The European Union has been actively exploring ways to foster the development of a more competitive and innovative retail payment landscape in the EU. A significant development in this regard took place on 28 June when the European Commission proposed a package of measures, including revising the existing Payment Services Directive 2 (PSD2) with a proposal for a directive of Payment Services 3 (PSD3), and a proposal for a payment Services Regulation (PSR). On the same day, the European Commission also published a proposal for a regulation for the establishment of the digital euro. Ecommerce Europe expect these initiatives to have a significant impact on digital transactions and the daily activities of e-commerce merchants.
The European Commission’s Proposal for Payment Services Regulation
The review of PSD2 conducted in 2022 has led the Commission to propose legislative amendments to the directive set out in two proposals, including a proposal for a Payment Services Regulation. The proposal aims to provides the legal framework of all retail payments in the EU by promoting more competition, creating a more integrated European payments market, and enhancing consumer protection and security. Among other aspects, PSR will aim at:
- Strengthening user protection and confidence in payments. The review of PSD2 found that users (consumers as well as merchants), continue to be exposed to (new) fraud risk. To address this, the proposal lays down a number of provisions, notably calling on the revision of the rules for Strong Customer Authentication (SCA), and also creates new sets of rules on PSPs liability when issues with payment authorisation arise.
- Improving competitiveness. The review of PSD2 revealed that many barriers remain in the EU payment market which strongly limit users’ choice of payment methods. The limited impact of PSD2 on competition resulted in online merchants not benefiting from the growth of new open-banking solutions which would have brough more competition to the market. A revision of the rules is therefore welcomed as PSR is expected to address some of the existing barriers for these actors.
Next steps: The co-legislators, European Parliament and Council of ministers, are currently working on their respective positions. At the European Parliament, the Economic and Monetary Affairs Committee is responsible for the file, and the rapporteur, Ondrej Kovarik (Czechia, Renew), has not yet published its draft report.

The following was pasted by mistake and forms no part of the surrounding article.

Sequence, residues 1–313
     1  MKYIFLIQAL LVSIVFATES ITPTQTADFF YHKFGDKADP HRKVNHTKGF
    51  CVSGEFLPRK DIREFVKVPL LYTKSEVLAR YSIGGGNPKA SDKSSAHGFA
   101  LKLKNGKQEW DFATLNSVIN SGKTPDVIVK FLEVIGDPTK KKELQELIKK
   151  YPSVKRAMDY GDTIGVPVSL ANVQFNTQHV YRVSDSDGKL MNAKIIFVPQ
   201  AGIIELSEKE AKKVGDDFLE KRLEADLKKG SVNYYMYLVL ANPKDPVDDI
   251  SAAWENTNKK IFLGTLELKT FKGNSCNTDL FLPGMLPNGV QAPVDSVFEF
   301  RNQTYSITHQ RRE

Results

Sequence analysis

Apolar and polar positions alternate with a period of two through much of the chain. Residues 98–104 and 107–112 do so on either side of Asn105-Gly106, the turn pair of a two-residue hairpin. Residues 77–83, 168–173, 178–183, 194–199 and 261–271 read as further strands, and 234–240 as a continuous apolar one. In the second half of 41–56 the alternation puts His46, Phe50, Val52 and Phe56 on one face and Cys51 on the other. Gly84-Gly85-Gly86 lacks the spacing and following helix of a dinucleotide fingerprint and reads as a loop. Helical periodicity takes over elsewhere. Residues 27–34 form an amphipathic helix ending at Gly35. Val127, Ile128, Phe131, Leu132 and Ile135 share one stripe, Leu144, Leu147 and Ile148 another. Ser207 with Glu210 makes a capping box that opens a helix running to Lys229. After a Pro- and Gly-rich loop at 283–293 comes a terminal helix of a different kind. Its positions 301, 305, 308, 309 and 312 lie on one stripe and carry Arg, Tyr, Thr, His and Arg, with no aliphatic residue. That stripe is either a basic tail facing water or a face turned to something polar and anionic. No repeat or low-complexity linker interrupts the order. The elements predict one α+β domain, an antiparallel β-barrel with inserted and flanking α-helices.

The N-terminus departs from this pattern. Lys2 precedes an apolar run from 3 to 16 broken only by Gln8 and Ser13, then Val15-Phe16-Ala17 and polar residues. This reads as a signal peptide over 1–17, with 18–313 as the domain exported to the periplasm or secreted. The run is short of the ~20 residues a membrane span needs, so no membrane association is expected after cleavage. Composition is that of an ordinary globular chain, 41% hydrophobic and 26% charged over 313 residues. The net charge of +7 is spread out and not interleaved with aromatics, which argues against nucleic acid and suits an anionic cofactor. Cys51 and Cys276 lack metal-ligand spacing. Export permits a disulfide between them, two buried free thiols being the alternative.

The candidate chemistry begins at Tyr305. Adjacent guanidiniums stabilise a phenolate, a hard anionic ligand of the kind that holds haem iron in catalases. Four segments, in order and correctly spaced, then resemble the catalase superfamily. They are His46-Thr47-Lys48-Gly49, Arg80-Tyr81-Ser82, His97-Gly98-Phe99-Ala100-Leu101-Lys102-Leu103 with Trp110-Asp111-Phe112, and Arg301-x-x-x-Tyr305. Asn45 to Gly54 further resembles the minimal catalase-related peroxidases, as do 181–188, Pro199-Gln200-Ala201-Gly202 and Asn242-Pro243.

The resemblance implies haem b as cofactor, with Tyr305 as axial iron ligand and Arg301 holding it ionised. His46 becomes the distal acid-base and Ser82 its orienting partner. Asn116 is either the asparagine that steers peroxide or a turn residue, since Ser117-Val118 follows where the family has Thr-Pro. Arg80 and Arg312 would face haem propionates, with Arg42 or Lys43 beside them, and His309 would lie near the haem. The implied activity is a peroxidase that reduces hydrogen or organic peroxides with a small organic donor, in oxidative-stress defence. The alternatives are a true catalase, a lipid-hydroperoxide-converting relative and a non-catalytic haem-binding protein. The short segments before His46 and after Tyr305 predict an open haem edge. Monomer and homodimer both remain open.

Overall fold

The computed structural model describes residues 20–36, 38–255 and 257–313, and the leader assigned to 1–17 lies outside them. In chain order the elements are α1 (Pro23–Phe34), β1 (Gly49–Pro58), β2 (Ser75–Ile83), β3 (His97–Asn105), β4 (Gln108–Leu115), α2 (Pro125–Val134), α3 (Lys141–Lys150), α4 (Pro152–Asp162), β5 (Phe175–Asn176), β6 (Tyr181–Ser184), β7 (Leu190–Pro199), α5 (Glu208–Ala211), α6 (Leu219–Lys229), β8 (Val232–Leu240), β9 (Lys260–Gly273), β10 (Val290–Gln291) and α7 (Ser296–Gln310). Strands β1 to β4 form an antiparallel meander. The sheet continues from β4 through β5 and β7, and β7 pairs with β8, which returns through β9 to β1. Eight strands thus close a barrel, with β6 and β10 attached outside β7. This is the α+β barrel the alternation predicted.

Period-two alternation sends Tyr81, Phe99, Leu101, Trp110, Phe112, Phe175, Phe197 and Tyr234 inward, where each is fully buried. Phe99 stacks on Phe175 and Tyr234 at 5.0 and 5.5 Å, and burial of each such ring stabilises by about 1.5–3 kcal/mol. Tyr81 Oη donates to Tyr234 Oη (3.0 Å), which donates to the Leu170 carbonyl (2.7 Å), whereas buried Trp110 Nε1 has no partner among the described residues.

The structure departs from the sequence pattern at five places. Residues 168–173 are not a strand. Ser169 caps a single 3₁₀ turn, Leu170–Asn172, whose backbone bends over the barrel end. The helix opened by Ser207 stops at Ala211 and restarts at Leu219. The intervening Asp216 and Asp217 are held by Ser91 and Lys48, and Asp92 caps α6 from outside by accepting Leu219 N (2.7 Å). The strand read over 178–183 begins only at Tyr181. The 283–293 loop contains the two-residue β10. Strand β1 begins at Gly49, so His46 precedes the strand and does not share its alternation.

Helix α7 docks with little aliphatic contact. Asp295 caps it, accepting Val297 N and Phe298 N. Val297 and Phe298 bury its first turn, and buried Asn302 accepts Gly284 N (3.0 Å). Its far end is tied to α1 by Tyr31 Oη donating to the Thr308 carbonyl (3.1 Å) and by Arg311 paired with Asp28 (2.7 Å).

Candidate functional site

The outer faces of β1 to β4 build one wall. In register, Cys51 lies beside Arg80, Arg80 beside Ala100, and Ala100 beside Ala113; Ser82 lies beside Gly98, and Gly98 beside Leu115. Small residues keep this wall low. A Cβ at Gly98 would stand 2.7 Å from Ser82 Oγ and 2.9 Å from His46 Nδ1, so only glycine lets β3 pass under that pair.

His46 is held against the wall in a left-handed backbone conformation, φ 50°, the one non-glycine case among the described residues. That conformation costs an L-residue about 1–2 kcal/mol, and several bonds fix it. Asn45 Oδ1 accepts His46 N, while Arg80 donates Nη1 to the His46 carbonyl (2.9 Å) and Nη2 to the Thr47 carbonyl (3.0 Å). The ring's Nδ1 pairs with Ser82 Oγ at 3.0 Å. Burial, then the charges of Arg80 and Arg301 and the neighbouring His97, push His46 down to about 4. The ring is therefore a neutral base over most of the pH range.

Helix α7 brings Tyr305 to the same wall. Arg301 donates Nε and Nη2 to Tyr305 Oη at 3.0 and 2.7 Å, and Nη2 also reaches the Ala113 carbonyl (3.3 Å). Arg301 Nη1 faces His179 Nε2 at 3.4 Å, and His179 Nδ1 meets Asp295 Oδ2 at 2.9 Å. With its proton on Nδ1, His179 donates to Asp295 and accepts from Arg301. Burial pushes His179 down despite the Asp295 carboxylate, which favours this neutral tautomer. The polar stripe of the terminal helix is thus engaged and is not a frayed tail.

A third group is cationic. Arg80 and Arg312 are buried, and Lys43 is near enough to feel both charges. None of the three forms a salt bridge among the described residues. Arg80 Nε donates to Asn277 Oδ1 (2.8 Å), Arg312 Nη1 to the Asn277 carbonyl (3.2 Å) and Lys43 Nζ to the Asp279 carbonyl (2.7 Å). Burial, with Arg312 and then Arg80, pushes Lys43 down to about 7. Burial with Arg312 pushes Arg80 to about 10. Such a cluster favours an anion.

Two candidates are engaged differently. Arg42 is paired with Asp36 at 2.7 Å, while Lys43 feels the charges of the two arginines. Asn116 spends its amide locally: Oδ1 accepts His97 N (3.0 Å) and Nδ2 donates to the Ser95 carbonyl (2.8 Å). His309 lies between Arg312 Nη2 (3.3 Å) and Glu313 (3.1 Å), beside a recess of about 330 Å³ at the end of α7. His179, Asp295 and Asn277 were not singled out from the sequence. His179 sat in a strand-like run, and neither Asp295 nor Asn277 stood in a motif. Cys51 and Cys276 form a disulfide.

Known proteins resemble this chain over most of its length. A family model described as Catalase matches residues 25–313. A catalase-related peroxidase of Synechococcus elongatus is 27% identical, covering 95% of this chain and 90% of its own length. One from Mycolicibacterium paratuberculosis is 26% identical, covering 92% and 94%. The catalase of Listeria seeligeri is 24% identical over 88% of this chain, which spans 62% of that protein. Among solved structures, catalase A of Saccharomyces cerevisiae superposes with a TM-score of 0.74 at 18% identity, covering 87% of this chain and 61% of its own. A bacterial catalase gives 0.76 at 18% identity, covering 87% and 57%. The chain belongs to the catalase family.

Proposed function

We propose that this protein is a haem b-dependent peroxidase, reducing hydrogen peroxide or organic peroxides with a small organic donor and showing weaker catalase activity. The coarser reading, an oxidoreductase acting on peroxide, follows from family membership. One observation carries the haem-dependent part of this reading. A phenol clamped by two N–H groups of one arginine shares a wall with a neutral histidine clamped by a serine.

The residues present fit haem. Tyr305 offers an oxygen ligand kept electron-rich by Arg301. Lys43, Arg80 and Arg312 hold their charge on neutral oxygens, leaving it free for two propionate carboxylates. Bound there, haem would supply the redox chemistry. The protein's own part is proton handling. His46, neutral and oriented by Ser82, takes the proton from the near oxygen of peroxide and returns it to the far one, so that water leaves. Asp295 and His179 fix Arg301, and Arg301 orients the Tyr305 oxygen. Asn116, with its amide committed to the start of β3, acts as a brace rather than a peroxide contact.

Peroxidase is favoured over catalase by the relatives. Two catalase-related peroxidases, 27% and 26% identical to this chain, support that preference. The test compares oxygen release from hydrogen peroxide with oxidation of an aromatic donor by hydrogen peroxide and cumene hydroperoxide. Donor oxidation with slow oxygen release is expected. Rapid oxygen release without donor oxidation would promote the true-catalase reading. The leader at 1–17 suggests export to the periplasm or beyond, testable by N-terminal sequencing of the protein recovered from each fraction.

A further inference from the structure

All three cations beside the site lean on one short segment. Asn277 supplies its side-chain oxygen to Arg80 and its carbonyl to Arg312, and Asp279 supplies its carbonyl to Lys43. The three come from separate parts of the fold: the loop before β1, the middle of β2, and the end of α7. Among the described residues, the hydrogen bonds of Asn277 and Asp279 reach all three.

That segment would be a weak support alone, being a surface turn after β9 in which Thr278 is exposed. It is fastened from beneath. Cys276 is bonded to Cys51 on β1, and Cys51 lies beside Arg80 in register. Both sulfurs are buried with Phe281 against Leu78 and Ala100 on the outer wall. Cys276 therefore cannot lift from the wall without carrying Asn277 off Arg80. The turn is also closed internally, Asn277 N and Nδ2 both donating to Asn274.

A framework for the future Digital Euro
The European Central Bank (ECB) has been exploring the potential issuance of a digital euro for a few years now. This “central bank digital currency” would be available to the public within the euro area. It would be exactly like cash, with the same guarantee directly backed by the ECB, only in a digital version. Therefore, the idea is not to replace cash but rather to complement banknotes and coins.
The European Commission published what could be the framework for this future CBDC (central bank digital currency) on 28 June 2023. The Proposal for a Regulation lays down the main rules around the issuance, distribution, remuneration of the future digital euro.
- Fostering competition and efficiency in the European payment sector. The plan would be to establish a pan-European payment solution, which could strengthen European independence from private non-European payment providers on which we are currently heavily relying for cross-border payments in the EU. The digital euro would be a single means of payment usable throughout the euro area, regardless of where payers are located and which commercial bank or PSP they use, and would provide an accessible form of digital payments for EU citizens.
- Providing a new means of payments for goods and services. The digital euro scheme would offer a payment instrument that would be used omni-channel and cross-border throughout the Euro Area. As such, e-merchants will be key players in the roll out of the digital currency as acceptors of the digital euro. However, the Commission’s proposal suggests giving legal tender status to the digital euro, therefore obliging all merchants in the euro area to accept payments in digital euro. Regarding the cost of the digital euro, the proposal suggests that merchant fees for accepting digital euro should not exceed the fees for comparable means of payment. However, it remains to be seen how it will be implemented in practice and the potential cost online merchants may have to bear following the issuance of the digital euro.
Next steps: If the proposal is adopted by the Parliament and Council (which is not expected to take place before the European Election), the decision to issue the digital euro will fall within the sole competence of the ECB, acting in full independence, in accordance with the Treaties. The digital euro may still take some years before it is issued. Earliest go-live can be expected for 2026.